OMIA:000621-9615 : Malignant hyperthermia in Canis lupus familiaris (dog)

In other species: turkey , domestic cat , horse , pig , deer , taurine cattle , rabbit

Categories: Homeostasis / metabolism phene

Links to possible relevant human trait(s) and/or gene(s) in OMIM: 145600 (trait) , 180901 (gene)

Mendelian trait/disorder: yes

Mode of inheritance: Autosomal dominant

Considered a defect: yes

Key variant known: yes

Year key variant first reported: 2001

Cross-species summary: A progressive increase in body temperature, muscle rigidity and metabolic acidosis, leading to rapid death.

Species-specific symbol: MHS

Species-specific description: Malignant hyperthermia is a disorder of skeletal muscle characterized by hypercapnea, tachycardia, and hyperthermia in response to a chemical trigger, and can be fatal. It is an autosomal dominant trait caused by a mutation in the skeletal muscle ryanodine receptor. This mutation has been identified in several breeds. Affected dogs show no clinical signs until exposed to chemical triggers, which are common anesthetic agents. Edited by Vicki N. Meyers-Wallen, VMD, PhD, Dipl. ACT

History: Malignant hyperthermia was first reported in humans in 1960 and in dogs in 1973 (Short and Paddleford, 1973).

Mapping: CFA1

Molecular basis: By cloning and sequencing a very likely comparative candidate gene (based on the known molecular cause of the same disorder in pigs and humans, and reinforced by showing the candidate gene to be very tightly linked to MHS in dogs), Roberts et al. (2001) identified the causative mutation as a T to C substitution that changes an amino acid codon from valine to alanine (V547A) in a highly conserved region of the canine RYR1 gene.

Clinical features: MH is a pharmacogenetic clinical syndrome that affects multiple species. Dogs with malignant hyperthermia present as an outwardly healthy dog, but develop hypercapnea, tachycardia, and hyperthermia during general anesthesia. Signs can progress to cardiac dysrhythmia, rhabdomyolysis, renal failure, and death if the anesthetic is not discontinued. Common triggers of clinical signs include volatile inhalants (halothane, isoflurane, desflurane and sevoflurane) and depolarizing muscle relaxants such as succinylcholine (Roberts et al., 2001, Brunson and Hogan, 2004). Treatment involves cessation of the causative anesthetic, supportive care, cooling, and dantrolene administration. Dantrolene is a muscle relaxant that blocks calcium release inside myocytes (Brunson and Hogan, 2004). Unlike affected humans or pigs (Nelson et al., 2002), affected dogs develop signs primarily in response to chemical triggers and exhibit less severe metabolic acidosis and muscle rigidity during a clinical episode (Roberts et al., 2001). Alternative anesthetic protocols for affected dogs can include nitrous oxide, benzodiazepines, phenothiazines, barbiturates, etomidate, propofol, dissociative agents, opioids, nondepolarizing neuromuscular blockers, or a combination of intravenous and local or regional anesthesia. Sufficient premedication is important, since stress can be a contributing factor to development of clinical signs (Brunson and Hogan, 2004). [IT thanks DVM student Jianjian Gong for suggested changes in April 2022]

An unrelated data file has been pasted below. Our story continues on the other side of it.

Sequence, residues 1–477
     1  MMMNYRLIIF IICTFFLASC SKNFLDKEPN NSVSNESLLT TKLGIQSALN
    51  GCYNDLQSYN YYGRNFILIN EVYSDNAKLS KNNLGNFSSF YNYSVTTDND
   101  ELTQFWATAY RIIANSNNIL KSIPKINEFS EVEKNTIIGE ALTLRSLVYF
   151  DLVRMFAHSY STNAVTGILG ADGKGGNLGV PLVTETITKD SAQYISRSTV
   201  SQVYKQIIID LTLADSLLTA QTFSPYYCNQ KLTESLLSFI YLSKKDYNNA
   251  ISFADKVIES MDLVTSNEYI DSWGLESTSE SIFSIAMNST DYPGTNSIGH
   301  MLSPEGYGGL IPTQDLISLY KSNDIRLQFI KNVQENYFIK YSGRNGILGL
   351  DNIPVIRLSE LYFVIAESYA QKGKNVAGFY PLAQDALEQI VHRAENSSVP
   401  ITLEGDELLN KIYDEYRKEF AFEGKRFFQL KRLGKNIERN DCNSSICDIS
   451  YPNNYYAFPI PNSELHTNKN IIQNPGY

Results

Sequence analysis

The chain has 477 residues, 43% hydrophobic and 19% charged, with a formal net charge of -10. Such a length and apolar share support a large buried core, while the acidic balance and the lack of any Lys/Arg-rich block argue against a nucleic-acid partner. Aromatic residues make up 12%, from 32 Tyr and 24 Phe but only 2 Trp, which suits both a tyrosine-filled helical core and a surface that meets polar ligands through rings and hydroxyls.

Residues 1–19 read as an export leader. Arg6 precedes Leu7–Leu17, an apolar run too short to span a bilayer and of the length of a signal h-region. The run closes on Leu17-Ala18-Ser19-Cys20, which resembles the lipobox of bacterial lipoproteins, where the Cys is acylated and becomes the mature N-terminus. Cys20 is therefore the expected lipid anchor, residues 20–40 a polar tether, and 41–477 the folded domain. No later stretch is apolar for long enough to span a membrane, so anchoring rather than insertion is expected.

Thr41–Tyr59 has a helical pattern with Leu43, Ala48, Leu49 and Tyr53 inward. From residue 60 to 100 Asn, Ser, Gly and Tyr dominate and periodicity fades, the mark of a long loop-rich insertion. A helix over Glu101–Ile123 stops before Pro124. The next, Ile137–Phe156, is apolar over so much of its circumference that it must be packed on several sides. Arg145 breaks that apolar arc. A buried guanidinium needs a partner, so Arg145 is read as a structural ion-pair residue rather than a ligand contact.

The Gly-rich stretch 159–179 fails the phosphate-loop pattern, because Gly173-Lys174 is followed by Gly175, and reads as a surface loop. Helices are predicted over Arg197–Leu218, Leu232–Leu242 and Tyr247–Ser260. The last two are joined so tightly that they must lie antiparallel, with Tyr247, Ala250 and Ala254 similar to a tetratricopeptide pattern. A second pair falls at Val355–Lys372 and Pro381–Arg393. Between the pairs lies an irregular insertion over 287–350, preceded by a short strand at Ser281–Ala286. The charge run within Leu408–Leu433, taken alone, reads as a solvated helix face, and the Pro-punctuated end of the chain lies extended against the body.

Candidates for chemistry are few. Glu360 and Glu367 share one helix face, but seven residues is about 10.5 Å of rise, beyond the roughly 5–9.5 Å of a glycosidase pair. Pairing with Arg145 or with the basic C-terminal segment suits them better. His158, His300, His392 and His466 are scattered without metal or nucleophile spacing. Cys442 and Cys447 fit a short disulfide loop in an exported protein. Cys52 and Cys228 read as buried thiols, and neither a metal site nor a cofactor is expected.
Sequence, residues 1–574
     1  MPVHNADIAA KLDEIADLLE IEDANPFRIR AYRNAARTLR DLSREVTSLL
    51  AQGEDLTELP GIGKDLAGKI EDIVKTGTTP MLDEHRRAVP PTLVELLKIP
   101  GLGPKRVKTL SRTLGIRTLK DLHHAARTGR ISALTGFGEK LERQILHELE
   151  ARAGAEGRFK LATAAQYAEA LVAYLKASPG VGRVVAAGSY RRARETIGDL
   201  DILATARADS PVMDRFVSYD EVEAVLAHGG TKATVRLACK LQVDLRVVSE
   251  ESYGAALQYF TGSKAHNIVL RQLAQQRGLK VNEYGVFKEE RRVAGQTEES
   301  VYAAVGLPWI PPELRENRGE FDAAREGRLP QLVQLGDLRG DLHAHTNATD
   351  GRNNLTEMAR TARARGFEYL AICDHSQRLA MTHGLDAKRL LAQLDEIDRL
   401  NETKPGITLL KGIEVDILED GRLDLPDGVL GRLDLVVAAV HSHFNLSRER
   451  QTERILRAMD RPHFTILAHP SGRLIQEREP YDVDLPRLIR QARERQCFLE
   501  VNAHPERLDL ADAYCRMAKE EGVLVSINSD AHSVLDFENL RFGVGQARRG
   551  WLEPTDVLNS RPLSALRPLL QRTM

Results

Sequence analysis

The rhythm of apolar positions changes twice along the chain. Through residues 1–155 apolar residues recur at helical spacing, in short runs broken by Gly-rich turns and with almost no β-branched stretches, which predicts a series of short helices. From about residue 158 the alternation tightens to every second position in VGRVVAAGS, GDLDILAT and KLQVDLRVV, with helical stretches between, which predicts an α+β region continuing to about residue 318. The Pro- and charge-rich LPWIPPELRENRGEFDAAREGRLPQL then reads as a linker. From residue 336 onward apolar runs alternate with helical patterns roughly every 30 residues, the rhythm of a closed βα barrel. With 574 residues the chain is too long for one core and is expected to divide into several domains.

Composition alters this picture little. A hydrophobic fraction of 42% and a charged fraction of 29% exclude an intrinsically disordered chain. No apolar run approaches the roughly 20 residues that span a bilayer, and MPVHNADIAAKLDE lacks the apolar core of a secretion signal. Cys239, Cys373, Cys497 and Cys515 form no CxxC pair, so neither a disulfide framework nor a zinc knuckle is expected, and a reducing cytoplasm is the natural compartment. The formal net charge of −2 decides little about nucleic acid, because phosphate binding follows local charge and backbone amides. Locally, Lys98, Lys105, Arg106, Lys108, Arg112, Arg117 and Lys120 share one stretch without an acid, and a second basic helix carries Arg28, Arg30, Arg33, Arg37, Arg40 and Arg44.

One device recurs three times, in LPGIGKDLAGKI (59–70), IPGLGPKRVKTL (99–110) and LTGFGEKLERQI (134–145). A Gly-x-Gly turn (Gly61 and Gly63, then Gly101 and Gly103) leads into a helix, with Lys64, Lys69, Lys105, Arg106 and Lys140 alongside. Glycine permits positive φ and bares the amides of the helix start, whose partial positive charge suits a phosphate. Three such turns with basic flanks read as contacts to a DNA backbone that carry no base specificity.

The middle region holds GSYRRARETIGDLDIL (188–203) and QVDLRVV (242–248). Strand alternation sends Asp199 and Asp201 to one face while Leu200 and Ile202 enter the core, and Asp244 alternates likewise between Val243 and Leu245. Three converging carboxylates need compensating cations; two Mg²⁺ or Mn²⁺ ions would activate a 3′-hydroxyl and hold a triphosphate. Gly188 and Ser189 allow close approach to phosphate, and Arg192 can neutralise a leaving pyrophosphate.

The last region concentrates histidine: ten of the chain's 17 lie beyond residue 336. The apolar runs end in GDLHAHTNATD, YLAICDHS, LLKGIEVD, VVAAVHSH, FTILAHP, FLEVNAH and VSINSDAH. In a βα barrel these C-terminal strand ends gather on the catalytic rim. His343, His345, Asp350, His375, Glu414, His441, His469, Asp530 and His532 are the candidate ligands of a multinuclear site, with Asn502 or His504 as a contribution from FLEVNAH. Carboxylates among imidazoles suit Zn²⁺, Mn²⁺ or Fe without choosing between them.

Pathology: A missense mutation in the RYR1 gene causes the function alteration in the ryanodine receptors (a part of the calcium releasing channel in skeletal muscle) in affected dogs and leads to defects in the calcium release channel located in the sarcoplasmic reticulum (Roberts et al., 2001). The calcium channels present prolonged opening when being stimulated by the triggering factors (such as certain general anaesthesia agents). This increases muscle contraction and muscle metabolism, resulting in hyperthermia (Brunson and Hogan, 2004), and eventually can lead to a life-threatening hypermetabolic state (the MH episodes). [IT thanks DVM student Jianjian Gong for suggested changes in April 2022]

Prevalence: Although prevalence is thought to be low, it is difficult to estimate because affected dogs appear normal unless they are exposed to a trigger, and some may die before diagnosis is achieved.

Control: Relatives of affected dogs should be tested. Breeding of affected dogs is discouraged. Because dogs with this mutation are often not identified before undergoing anesthesia, it is recommended that dantrolene be stocked in the surgical suite.

Genetic testing: There is a test for this mutation in dogs (Roberts et al., 2001).

Breeds: Anatolian Shepherd Dog (Dog) (VBO_0200062), Bichon Frise (Dog) (VBO_0200163), Cocker Spaniel (Dog) (VBO_0200372), Collie (Dog) (VBO_0200375), Doberman Pinscher (Dog) (VBO_0200442), English Springer Spaniel (Dog) (VBO_0200497), German Shepherd Dog (Dog) (VBO_0200577), Greyhound (Dog) (VBO_0200638), Labrador Retriever (Dog) (VBO_0200800), Pointer (Dog) (VBO_0201029), Saint Bernard (Dog) (VBO_0201160).
Breeds in which the phene has been documented. (If a likely causal variant has been documented for the phene, see the variant table breeds in which the variant has been reported).

Associated gene:

Symbol Description Species Chr Location OMIA gene details page Other Links
RYR1 ryanodine receptor 1 (skeletal) Canis lupus familiaris 1 NC_051805.1 (115181223..115063307) RYR1 Homologene, Ensembl , NCBI gene


By default, variants are sorted chronologically by year of publication, to provide a historical perspective. Readers can re-sort on any column by clicking on the column header. Click it again to sort in a descending order. To create a multiple-field sort, hold down Shift while clicking on the second, third etc relevant column headers.

WARNING! Inclusion of a variant in this table does not automatically mean that it should be used for DNA testing. Anyone contemplating the use of any of these variants for DNA testing should examine critically the relevant evidence (especially in breeds other than the breed in which the variant was first described). If it is decided to proceed, the location and orientation of the variant sequence should be checked very carefully.

Since October 2021, OMIA includes a semiautomated lift-over pipeline to facilitate updates of genomic positions to a recent reference genome position. These changes to genomic positions are not always reflected in the ‘acknowledgements’ or ‘verbal description’ fields in this table.

OMIA Variant ID Breed(s) Variant Phenotype Gene Allele Type of Variant Source of Genetic Variant Reference Sequence Chr. g. or m. c. or n. p. Verbal Description EVA ID Year Published PubMed ID(s) Acknowledgements
54 Collie (Dog) Doberman Pinscher (Dog) German Shepherd Dog (Dog) Labrador Retriever (Dog) Malignant hyperthermia RYR1 missense Naturally occurring variant CanFam3.1 1 g.114562165A>G c.1643T>C p.(V548A) XM_022425933.1 c.1643C>T; XP_022281641.1; published as c.1640T>C ; p.(V547A) "The nucleotide sequences of canine regions I and II have been submitted to GenBank (accession No. A302128 and AF302129, respectively)" (Roberts et al., 2001) 2001 11575546